Thank you for contacting me about International Climate Finance (ICF).
Ministers believe that climate change is the biggest threat to our planet and tackling it is the number one thematic foreign policy priority of the Government, in line with UN Sustainable Development Goal 13.
The Government is delivering on its commitment to spend £11.6 billion ICF. In the financial year 2021/22, the UK spent over £1.4 billion ICF and figures for 2022/23 will be published in due course.
UK ICF supports developing countries to reduce poverty and respond to the challenges caused by climate change and environmental degradation. Investments help developing countries to adapt and build resilience to the current and future effects of climate change; pursue low-carbon development; support sustainable management of natural resources; increase access to clean energy; and reduce deforestation.
Already, it is evident the UK's ICF is successfully supporting developing countries to counter these climate-related challenges. Indeed, I welcome the Government's ICF Strategy, published in March 2023, that presents the headline achievements of ICF since 2011. The report confirms that UK ICF has supported 95 million people in adapting to the effects of climate change, improved the access of clean energy for 58 million people, and saved 410,000 hectares of land from deforestation.
Under the UK’s COP Presidency, almost all developed country climate finance providers made new, forward-looking climate finance commitments, with many doubling or even quadrupling support for developing countries to take climate action. One year on, the Climate Finance Delivery Plan Progress Report has reaffirmed that the climate finance goal will be met by developed countries by 2023 latest, with over $500 billion mobilised over the five-year period 2021 to 2025.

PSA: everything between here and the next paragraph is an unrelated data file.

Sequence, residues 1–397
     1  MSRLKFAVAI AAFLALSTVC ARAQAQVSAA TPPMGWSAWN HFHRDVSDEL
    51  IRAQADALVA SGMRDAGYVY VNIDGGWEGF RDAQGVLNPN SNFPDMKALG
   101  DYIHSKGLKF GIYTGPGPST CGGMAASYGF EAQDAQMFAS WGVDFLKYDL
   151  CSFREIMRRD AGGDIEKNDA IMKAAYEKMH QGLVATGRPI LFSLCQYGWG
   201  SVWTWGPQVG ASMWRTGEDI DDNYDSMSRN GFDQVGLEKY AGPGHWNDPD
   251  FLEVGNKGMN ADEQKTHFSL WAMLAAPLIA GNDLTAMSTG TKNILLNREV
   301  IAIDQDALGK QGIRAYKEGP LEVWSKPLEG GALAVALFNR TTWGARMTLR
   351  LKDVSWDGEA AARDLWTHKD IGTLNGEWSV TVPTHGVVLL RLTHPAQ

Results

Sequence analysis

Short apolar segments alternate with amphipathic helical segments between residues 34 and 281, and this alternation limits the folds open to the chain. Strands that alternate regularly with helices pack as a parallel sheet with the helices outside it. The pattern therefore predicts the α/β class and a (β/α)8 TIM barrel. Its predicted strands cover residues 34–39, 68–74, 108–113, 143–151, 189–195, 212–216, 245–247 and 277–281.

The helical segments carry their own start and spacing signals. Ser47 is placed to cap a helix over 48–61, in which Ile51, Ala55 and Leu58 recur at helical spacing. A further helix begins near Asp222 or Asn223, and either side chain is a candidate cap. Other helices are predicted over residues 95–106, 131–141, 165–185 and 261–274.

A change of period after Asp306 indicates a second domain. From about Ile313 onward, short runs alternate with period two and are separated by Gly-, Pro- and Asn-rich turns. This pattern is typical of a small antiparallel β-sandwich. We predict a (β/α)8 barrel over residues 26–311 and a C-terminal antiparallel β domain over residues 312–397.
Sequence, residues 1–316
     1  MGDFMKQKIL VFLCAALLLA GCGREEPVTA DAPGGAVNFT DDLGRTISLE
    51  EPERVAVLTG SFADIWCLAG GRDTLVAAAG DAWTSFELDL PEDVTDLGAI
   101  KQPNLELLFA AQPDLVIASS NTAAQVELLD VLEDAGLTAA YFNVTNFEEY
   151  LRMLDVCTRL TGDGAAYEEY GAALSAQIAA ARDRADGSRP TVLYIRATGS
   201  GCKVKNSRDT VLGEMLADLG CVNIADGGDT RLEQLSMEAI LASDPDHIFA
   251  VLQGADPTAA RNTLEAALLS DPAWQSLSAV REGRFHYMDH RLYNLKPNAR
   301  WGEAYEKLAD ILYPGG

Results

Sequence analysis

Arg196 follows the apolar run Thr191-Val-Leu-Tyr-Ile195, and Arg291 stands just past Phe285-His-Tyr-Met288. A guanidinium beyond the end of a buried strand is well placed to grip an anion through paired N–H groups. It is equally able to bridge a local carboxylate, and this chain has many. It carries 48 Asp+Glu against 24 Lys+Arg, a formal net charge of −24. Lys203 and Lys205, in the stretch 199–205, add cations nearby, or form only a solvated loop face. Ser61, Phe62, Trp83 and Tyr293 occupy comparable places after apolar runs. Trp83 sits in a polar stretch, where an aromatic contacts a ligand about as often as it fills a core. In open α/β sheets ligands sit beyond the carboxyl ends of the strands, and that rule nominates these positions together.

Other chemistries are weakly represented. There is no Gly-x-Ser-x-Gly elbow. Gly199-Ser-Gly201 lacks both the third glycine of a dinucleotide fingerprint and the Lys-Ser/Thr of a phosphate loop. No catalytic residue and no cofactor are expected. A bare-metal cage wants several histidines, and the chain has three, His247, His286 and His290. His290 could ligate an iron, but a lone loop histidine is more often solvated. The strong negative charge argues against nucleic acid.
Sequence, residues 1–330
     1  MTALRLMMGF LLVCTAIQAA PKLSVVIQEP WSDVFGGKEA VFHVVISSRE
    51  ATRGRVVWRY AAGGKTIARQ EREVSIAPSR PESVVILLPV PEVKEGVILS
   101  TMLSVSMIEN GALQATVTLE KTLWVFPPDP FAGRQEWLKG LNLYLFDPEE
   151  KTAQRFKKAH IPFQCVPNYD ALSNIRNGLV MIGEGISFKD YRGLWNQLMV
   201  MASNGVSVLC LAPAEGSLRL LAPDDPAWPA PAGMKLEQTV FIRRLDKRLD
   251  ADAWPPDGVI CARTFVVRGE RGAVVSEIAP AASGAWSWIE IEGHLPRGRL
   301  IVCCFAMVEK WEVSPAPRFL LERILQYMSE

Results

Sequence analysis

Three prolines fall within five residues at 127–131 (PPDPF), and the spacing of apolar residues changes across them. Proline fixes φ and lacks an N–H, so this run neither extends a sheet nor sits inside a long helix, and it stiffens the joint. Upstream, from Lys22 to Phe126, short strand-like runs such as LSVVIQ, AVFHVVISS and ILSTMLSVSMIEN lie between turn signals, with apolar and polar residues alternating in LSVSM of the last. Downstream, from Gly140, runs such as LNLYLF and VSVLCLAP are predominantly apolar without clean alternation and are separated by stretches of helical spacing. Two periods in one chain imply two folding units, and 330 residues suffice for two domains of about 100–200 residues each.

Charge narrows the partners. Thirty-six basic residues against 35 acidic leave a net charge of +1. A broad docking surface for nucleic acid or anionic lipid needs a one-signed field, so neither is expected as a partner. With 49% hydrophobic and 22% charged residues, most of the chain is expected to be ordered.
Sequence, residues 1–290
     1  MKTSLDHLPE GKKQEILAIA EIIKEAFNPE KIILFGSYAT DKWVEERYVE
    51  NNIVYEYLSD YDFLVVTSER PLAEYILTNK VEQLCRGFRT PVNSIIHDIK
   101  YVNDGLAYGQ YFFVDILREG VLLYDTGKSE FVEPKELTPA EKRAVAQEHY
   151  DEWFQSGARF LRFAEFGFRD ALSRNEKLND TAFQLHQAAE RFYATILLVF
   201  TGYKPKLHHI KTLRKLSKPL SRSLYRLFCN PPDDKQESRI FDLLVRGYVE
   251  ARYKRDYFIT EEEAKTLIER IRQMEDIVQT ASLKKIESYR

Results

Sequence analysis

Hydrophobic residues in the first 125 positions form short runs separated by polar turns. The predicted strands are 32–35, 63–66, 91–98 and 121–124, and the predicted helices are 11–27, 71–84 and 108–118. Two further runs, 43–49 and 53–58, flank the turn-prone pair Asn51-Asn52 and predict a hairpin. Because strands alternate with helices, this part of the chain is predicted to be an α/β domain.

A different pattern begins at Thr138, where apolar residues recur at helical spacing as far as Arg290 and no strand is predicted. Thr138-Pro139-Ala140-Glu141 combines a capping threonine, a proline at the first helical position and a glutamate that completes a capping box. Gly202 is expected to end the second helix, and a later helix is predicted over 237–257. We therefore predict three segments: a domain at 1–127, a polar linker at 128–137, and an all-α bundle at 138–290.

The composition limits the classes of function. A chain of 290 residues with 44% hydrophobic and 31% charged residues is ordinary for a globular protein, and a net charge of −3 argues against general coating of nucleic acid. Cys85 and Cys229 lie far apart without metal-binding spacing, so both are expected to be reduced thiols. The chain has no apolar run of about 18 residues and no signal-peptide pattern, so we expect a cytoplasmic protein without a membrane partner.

In support of this, the Government committed to, and is delivering on, doubling its ICF spend to £11.6 billion between April 2021 and March 2026, compared with the previous five-year commitment of £5.8 billion between April 2016 and March 2021. Recognising the existential threat climate change is already posing around the world, the Prime Minister has used COP27 to announce that the Government will commit to triple funding for climate adaptation as part of that budget, from £500m in 2019 to £1.5bn in 2025. Another significant outcome of COP27 was the establishment of the Transitional Committee under the United Nations Framework Convention on Climate Change to develop recommendations on new funding arrangements for responding to loss and damage. The UK continues to play a leading role by encouraging all members of the Committee and other parties to the UNFCCC to consider how new and additional resources can be delivered to support vulnerable countries in the future.
Most recently, I welcome the Prime Minister’s announcement at the G20 Summit in India that the UK will provide £1.62 billion to the Green Climate Fund, the biggest single commitment the UK has made to help the world tackle climate change.
While there is more global work to be done in the coming years, I am confident that the world will look back at the progress achieved at COP26 and thereafter as the beginning of the end of climate change.
Thank you again for taking the time to contact me.
Craig Whittaker MP